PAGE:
recession was rocking Strataforce. As other business faded
away, the Coty contract became 75 percent of the company’s
revenue. If Strataforce lost it—contracts came and went every
few years—it would be left in the lurch. Rather than cut costs
and retreat, the newly confident Tana encouraged Mike to
double down, by opening o;ces in other states and winning
contracts across the country. They hired a chief operating
o;cer from a much larger company and opened two new
o;ces on the West Coast, one in Rancho Cucamonga, near
Los Angeles, and another in Sacramento.
Such daring moves, combined with some new ideas and
a little luck, propelled the business forward. The new COO,
Todd Warner, proposed they get into truck driver sta;ng,
a business he knew from his old company. But unlike other
temp work, the trucking business was trickier: The Federal
Motor Carrier Safety Administration required all carriers and
driver sta;ng companies to maintain records including 10
years of employment history and recent drug test results for
each driver hired. The workers’ comp costs would be higher,
too, because of the added hazards of operating tractor trailers.
But the competitive field was less populated and the margins
were better. The concept piggybacked nicely with their existing work placing temporary warehouse sta;; they could provide sta; on both sides of the loading dock. Two weeks after
Mike and Tana hired Warner, they decided to go for it. They
launched Road Dog Drivers in 2009.
Coty, as feared, canceled its contract in 2010, and Strataforce
lost money that year. But the decision to expand paid o;: Road
Dog’s business grew fast enough to make up for the drop-o;. In
two years, Tana and Mike recovered and then some.
Meanwhile, Tana was looking for ways to boost the performance of her sta; and the temps she hired. She got involved in
crafting the company’s core values, and having employees do
the StrengthsFinder assessment.
Both Mike and Warner were skeptical. “I’d heard all the
talk about mission, vision, and value statements, and I
thought it was kind of hokey,” says Mike. “Todd would say,
‘There she goes with that witchcraft.’;” But Tana persisted.
They formed committees around di;erent functions of
the business, and got sta; to suggest how to improve them.
She hammered on values and vision, brainstorming with
Mike and Warner and delving into her own life experience.
“They’re just words if you can’t connect the dots to your own
story,” she says. They settled on four values that felt truest to
her: Never settle; if you say it, you’d better mean it and you’d
better do it; dare to be di;erent; and see the awesomeness in
others. Tana asked her colleagues to discuss how those values
played into their own lives, and to tell their stories too.
“It became a regular touchy-feely process, beginning from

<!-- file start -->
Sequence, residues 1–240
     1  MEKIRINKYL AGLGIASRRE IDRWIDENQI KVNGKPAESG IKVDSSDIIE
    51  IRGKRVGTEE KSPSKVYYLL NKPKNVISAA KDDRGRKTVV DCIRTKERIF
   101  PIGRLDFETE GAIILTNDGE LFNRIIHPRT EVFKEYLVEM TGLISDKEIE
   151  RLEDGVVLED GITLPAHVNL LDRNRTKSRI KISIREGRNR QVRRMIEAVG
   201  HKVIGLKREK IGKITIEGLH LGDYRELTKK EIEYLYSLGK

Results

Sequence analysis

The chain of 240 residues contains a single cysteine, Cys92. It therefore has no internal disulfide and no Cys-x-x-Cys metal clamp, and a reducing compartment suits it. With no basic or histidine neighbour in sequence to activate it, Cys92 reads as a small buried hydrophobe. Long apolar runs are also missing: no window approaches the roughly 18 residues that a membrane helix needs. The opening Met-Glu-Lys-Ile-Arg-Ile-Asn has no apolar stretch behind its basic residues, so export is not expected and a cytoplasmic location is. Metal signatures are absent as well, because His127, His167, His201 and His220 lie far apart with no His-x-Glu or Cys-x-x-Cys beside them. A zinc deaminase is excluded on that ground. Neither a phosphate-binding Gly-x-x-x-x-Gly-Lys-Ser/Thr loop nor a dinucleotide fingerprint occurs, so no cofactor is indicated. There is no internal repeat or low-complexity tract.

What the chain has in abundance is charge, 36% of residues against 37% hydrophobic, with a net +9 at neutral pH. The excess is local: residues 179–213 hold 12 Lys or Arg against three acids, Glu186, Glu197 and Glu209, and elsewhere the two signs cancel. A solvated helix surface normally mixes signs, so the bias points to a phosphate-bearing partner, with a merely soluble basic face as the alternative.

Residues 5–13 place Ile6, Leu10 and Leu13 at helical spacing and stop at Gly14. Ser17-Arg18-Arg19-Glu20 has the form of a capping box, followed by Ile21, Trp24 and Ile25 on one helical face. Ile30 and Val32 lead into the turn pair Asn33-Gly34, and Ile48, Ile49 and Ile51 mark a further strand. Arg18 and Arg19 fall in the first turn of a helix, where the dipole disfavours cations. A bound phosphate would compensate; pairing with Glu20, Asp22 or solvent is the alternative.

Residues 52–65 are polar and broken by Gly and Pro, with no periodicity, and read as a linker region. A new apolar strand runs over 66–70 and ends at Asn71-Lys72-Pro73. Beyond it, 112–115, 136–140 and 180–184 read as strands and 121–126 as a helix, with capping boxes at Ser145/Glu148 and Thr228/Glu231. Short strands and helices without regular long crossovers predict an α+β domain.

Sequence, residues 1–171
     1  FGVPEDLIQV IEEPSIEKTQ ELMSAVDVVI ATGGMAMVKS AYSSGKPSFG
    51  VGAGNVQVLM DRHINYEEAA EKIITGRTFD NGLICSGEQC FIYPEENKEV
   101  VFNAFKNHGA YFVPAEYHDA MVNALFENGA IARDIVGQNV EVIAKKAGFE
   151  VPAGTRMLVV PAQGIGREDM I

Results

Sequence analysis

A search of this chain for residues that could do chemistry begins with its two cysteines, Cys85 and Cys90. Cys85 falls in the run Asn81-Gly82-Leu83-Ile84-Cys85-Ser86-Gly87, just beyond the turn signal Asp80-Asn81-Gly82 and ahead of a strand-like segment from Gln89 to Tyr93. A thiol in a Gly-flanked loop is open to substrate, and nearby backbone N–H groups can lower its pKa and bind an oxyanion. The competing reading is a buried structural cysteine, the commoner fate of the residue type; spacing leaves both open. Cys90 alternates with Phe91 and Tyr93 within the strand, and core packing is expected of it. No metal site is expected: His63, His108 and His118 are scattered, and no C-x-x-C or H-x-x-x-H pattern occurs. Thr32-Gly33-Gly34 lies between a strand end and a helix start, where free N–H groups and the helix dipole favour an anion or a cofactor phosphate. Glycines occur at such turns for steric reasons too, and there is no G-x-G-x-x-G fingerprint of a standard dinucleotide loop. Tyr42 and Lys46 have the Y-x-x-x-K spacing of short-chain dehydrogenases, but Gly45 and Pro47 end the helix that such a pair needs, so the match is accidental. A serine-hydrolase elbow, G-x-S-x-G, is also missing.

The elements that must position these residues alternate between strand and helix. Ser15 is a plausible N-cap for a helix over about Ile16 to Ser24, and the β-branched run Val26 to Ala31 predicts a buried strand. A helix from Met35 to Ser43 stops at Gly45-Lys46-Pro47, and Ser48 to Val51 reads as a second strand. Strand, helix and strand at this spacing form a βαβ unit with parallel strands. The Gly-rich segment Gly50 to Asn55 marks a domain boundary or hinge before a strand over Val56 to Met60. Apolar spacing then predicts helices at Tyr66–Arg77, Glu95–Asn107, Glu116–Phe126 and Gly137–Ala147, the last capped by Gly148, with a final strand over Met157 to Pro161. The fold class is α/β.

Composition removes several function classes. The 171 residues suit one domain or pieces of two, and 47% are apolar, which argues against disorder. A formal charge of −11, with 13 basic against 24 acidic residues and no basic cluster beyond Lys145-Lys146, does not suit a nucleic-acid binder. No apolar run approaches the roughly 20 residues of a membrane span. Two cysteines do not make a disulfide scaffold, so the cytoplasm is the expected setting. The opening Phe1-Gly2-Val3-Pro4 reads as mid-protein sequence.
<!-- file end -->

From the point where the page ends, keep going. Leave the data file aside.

the job interview itself,” says Mike. But soon enough, his skep-
ticism eroded as he began to see the results. “It made a dis-
cernible di;erence in the quality of people we hired and the
percentage of people we retained,” he says. “People started
making decisions on their own.”
By 2015, the combined companies had annual revenue of
$49.9 million, more than double their 2012 sales. In 2016, sales
increased again, to $65 million. Strataforce and Road Dog
together have 81 full-time employees, with 11 o;ces placing
drivers in 14 states and 10,000 temporary workers. A;S MIKE APPROACHED his 65th birthday, he says, he started to think about retirement. Not Tana. Her ambitions had only increased. The couple had built a national business, and she was looking for the next thing. What if, she asked, she started a company that transformed an entire industry?
The Road Dog business had sparked some ideas. Despite
the trucking industry’s onerous compliance requirements,
carriers still hire lots of drivers as W- 2 employees. The
carriers feel the need to hire and “hold” drivers to ensure
that as demand ebbs and flows, there is always a qualified,
FMCSA-compliant person available to go wherever.
Drivers, on the other side of the deal, are paid only for the
hours they drive, so many sign on with multiple carriers. Still,
no matter how many carriers they work for, they are left with
little control over their workload or pay. They’re employed,
but often find themselves underutilized with no set schedule
and having to rely on whatever is o;ered to them. Driver
turnover at the carriers, as a result, is stratospheric. Trucking
is a classic example of an ine;cient marketplace.
Todd Warner had spitballed an idea: What if the business
worked another way? What if there were a platform where
drivers could set up their own FMCSA-compliant driver file
and any motor carrier could hire any approved driver for any
run? Tana imagined starting a business to usher in such a
model. It would build an app that let drivers upload their
safety information. When they had availability for a trip, they
could log on and find jobs that matched where and when they
wanted to drive—rather than waiting for the carriers to call
them. Motor carriers would be assured that if drivers were
on the platform, they were in compliance with FMCSA—no
Mike told Tana she would need to run this company
herself. He wanted to retire. Tana dove in,
despite the fact that this time, she wouldn’t
“I felt like I was making a di;erence, and making
a di;erence made me feel more proud, and that
gave me an extra step of excitement.”
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